House Judiciary Committee Chairman Jim Jordan (R-OH) is reportedly considering holding Meta CEO Mark Zuckerberg in contempt of Congress.
Sources familiar with the Judiciary's investigation into Facebook confirmed that contempt of Congress charges are likely as Zuckerberg has refused to provide any internal communications on its censorship processes.
Back in February, the House Judiciary panel issued subpoenas to Zuckerberg and four others for “documents and communications relating to the federal government’s reported collusion with Big Tech to suppress free speech."
This investigation is a key part of investigating the extent of the collusion between tech companies and the federal government.
Companies like Facebook and Twitter were used by the federal government to censor speech and discussions circumventing the 1st Amendment. Now House Republicans are out to get the truth and punish those who obstruct the investigation.
The Democrat Party has enjoyed a massive advantage in recent elections thanks to its alliance with large tech companies that censor and suppress damaging ideas for Democrats.
This was most noticeable during the Covid-19 pandemic when platforms like Twitter and Facebook outright censored ideas that questioned the narrative.
The collusion between Big Tech and the government has also influenced elections. Without Big Tech suppressing information and censoring Republicans, it is possible that former President Donald Trump would have won in the last election.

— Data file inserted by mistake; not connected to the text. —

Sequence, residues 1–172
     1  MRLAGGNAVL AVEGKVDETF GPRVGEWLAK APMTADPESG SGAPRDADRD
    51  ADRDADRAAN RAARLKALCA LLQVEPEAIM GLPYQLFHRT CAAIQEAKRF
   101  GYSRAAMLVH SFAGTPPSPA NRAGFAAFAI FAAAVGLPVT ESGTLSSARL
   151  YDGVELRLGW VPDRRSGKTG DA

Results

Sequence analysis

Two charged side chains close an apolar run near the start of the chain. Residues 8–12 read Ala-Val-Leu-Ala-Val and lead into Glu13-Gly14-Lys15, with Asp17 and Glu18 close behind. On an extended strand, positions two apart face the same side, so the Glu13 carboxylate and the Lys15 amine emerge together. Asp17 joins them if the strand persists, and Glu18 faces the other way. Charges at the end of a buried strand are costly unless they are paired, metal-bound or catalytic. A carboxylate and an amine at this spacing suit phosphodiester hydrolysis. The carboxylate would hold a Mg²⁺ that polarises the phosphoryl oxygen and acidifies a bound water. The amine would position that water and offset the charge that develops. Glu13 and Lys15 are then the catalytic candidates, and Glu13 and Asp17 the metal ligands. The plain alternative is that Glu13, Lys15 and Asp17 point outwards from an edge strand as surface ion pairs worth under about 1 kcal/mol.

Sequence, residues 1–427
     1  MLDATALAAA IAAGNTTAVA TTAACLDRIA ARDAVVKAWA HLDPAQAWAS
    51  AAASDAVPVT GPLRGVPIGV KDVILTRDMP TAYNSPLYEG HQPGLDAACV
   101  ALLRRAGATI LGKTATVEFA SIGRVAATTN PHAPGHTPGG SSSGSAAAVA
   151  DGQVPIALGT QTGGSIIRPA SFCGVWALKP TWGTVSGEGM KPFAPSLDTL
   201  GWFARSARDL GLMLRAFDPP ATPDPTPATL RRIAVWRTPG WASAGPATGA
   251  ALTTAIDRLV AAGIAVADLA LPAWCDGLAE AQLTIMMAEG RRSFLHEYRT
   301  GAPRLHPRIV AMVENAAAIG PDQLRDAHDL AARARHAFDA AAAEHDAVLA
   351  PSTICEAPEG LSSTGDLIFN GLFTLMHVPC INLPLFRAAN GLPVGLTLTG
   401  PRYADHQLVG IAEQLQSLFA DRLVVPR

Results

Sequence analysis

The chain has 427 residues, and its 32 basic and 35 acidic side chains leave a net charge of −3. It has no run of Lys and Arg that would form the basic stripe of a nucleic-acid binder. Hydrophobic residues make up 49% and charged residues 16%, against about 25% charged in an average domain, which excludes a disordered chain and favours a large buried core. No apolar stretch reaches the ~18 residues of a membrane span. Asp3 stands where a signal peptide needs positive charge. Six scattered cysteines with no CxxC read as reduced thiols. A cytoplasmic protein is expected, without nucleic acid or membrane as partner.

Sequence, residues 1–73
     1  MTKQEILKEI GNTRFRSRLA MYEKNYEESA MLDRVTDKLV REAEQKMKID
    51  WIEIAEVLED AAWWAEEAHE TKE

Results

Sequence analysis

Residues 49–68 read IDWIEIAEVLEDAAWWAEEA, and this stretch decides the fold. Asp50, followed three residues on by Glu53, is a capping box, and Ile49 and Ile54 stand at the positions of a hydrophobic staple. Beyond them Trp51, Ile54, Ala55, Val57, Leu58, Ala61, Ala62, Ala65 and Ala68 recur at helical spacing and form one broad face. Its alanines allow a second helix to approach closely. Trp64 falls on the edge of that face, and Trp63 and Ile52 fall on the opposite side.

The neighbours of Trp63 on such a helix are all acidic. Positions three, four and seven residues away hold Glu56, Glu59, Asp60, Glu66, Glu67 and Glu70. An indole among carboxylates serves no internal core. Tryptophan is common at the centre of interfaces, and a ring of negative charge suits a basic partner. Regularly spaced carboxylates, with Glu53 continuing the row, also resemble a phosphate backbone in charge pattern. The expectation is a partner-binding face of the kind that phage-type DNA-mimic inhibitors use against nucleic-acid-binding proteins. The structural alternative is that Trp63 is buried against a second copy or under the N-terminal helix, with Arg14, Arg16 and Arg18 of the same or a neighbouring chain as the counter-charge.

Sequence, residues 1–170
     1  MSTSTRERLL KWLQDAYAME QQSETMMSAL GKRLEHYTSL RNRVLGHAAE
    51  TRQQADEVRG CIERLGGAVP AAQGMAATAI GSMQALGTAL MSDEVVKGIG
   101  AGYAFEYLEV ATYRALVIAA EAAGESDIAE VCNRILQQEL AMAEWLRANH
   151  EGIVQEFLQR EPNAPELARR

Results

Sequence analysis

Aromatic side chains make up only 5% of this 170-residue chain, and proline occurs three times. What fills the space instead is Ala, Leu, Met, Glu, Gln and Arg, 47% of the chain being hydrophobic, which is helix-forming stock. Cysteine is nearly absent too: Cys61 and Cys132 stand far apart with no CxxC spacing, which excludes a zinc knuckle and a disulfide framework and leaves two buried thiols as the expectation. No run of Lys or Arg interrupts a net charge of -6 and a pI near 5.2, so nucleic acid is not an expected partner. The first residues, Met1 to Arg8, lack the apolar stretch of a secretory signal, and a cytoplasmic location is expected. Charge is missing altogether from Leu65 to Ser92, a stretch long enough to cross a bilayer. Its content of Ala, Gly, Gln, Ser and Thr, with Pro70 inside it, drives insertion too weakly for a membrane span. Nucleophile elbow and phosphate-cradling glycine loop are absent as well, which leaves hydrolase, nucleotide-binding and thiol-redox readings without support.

However, it seems that Zuckerberg and his contemporaries aren't giving up without a fight. While Meta claims it has provided the documents requested, the Judiciary Committee says otherwise.
Meta issued a statement to The Hill on Monday saying they had provided 50,000 pages of documents to the committee and “have made nearly a dozen current and former employees available to discuss external and internal issues."
But it seems likely that none of the documents provided actually covered Meta's censorship and moderation practices.
Jordan wrote in May, "Meta’s rolling productions to date have not included material the Committee knows is, or has reason to believe may be, in the company’s possession and that is responsive to the subpoena … If Meta fails to comply in full with the subpoena’s demands, the Committee may be forced to consider the use of one or more enforcement mechanisms."
Zuckerberg's headaches don't end there as Jordan has also taken an interest in Meta's new app, Threads. Jordan said, "Given that Meta has censored First Amendment-protected speech as a result of government agencies' requests and demands in the past, the Committee is concerned about potential First Amendment violations that have occurred or will occur on the Threads platform."
It seems highly likely that Zuckerberg will find himself on the wrong end of a contempt charge and House Republicans will have to take more drastic measures to uncover the truth.